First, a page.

Background

Billy Baxters is a coffee shop franchise system.

The case of Trans-It Freight Pty Ltd v Billy Baxters (Franchise) Pty Ltd [2012] VCA 71 involves the Billy Baxters' franchisor and its former Glenelg franchisee.  The franchisee had terminated their franchise agreement after the business made losses and it was unable to pay the franchise fees.  The franchisor sued the franchisee, seeking recovery of unpaid royalties and advertising fees under the franchise agreement.

In the first instance, the Supreme Court of Victoria found against the franchisee who had admitted that $250,000 worth of fees were unpaid.  However, the franchisee had also issued a counter-claim, seeking compensation for its losses suggesting that the franchisor's representative had made misleading and deceptive statements before the franchisee signed up to the lease and franchise agreement.

The question to the Court was whether the statements of projected turnover and reasonableness of rent made by the franchisor's representative were misleading and deceptive under the Trade Practices Act 1974.  The franchisee stated that the franchisor's representative had told it the anticipated turnover for the business was $1.3 million and that this would allow the franchisee to pay the rent and return a profit. 

In finding against the franchisee, the Court found that the franchisor's representative had in fact provided a spread sheet template to the franchisees which allowed the franchisee to play around with figures for the business and determine viability themselves.  The franchisee (who was an experienced franchisee itself) was also advised to enter its own information into the spread sheet and seek independent advice.  The franchisee ignored this advice.

The Court found that the $1.3 million turnover claim was false.  However, it was made on reasonable grounds so there had not been a breach by the franchisor.

The Appeal

On Appeal, a critical consideration for the Court was the set rent for the premises of $160,000 per annum which had been agreed between the franchisor and the landlord.  The Court of Appeal found that the franchisor's representative would have told the franchisees that the ideal maximum rental was 15% of the turnover for the business. 

The Court also found that the figure of $1.3 million was provided without reasonable grounds and that the turnover figure's only connection to the rent figure was that the business would need to make that amount of turnover as a minimum to make the rent affordable.  The Court held that franchisor's representative had no foundation on which to base the representation that the franchisee could expect the turnover of the business would be $1.3 million and there was no evidence of any analysis that could back up that projection.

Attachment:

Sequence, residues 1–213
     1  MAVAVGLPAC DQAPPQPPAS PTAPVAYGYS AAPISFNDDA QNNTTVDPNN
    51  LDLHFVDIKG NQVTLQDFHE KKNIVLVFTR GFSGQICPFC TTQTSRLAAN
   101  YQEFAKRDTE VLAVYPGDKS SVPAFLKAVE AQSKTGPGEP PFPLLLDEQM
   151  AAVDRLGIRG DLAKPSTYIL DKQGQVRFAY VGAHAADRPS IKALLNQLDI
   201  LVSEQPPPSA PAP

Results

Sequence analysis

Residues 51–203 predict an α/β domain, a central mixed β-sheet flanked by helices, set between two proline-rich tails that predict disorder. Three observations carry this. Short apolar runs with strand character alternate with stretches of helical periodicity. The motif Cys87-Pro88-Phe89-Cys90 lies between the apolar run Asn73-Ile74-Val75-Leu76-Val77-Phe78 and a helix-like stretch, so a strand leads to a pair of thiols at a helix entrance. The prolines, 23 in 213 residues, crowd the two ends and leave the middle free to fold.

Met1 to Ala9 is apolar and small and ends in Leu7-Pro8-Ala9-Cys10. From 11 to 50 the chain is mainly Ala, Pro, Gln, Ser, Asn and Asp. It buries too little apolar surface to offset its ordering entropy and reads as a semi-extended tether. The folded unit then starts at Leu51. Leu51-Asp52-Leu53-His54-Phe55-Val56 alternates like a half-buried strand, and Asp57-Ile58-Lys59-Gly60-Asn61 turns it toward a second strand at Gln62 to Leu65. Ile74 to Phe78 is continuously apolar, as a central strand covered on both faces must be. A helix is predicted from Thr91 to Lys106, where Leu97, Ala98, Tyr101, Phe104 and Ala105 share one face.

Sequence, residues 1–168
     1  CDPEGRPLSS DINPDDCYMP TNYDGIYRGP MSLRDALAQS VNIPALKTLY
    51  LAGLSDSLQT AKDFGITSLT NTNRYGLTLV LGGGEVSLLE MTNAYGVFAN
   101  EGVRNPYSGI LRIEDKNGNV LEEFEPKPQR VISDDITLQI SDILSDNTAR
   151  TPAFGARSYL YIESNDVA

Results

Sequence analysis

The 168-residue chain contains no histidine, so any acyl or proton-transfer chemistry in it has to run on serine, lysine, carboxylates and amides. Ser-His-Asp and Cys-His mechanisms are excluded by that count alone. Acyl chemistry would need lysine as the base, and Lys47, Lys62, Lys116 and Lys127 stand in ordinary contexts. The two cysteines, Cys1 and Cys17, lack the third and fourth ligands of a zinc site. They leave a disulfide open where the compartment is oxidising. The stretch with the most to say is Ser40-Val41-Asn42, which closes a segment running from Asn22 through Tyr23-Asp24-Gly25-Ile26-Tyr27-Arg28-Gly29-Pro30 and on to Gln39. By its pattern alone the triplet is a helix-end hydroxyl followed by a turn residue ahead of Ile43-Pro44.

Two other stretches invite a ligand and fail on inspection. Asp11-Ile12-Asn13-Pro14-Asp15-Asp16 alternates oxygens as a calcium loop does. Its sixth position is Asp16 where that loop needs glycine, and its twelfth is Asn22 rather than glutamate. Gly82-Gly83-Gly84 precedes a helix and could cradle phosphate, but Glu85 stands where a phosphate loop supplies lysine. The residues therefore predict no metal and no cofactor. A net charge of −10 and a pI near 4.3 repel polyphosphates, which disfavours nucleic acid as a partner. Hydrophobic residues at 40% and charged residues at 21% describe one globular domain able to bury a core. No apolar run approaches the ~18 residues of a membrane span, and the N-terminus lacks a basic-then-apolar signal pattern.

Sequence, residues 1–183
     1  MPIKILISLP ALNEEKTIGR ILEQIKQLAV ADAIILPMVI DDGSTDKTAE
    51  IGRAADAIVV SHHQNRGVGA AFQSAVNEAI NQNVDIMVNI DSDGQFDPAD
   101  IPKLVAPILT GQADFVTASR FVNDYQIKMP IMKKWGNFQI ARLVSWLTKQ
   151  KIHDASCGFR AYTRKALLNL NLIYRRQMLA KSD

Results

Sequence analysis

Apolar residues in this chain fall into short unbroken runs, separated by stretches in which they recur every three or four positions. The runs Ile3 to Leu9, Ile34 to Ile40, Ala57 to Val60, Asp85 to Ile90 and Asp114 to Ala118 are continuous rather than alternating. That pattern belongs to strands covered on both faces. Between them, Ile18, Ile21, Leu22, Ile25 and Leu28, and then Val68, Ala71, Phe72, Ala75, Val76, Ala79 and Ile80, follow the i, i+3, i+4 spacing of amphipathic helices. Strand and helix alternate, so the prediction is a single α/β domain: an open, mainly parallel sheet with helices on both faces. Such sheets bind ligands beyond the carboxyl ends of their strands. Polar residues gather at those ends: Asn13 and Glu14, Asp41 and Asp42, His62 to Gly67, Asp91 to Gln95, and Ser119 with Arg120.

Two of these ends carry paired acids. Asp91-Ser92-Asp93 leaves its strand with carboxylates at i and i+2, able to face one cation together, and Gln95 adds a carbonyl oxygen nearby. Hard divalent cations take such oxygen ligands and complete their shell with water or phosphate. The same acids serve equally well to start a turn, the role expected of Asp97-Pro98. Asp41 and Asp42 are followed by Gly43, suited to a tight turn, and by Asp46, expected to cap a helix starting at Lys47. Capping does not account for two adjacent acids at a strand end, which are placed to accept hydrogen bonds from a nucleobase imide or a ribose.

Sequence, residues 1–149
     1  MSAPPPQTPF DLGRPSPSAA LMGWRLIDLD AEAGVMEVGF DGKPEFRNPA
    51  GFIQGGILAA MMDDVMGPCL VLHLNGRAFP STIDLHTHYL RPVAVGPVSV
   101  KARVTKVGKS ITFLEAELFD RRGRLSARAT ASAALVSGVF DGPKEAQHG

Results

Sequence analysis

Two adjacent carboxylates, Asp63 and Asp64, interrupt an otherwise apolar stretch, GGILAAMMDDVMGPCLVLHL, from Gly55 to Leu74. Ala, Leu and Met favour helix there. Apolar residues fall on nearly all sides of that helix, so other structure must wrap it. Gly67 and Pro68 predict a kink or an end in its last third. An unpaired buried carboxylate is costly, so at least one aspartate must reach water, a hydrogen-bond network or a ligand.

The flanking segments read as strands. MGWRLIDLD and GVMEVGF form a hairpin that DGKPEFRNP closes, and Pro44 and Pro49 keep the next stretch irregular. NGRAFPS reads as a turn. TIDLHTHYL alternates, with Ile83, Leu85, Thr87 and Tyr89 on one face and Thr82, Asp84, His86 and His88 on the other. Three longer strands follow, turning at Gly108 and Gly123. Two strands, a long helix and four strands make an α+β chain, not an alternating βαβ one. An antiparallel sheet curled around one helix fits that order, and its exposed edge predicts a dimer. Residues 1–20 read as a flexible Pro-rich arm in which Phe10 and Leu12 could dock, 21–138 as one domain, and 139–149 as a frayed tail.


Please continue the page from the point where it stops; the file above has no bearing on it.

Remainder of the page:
In a unanimous decision, the Court of Appeal agreed that the franchisor's representative's comments were not made on reasonable grounds and the decision of the Supreme Court was overturned with the franchisor ordered to pay the franchisees damages of $1.22 million.

Lessons for Franchisors

  1. Franchisors should make sure that they closely monitor and oversee the actions of their representatives in dealing with prospective franchisees.  It is important that representatives are educated on the kinds of statements that should not be made to prospective franchisees and to be clear at all times that franchisees should conduct their own due diligence and draw their own conclusion from their research.  Any statements made about turnover and profitability when franchisees are considering the business are likely to become an issue if the business subsequently fails.
  2. Franchisors should also review their documents and procedures surrounding site selection. 
  3. Prospective franchisees should also be required to seek independent legal and financial advice before proceeding to enter into a franchise agreement. 
  4. Prospective franchisees should also be encouraged to undertake their own demographic, analysis and feasibility studies for the site they are considering.
  5. Careful attention should also be paid to the information provided in the disclosure document.  However, the greatest risk lies in the statements made by representatives of a franchisor in their attempt to make the business seem more attractive to prospective franchisees.  Discussions around figures and potential or expected income for a particular site need to be approached very carefully to ensure franchisees are not entering into franchise agreements on any false or misleading information.

 For more information contact:

Ed Browne

Chris Verebes

Carla Sibbison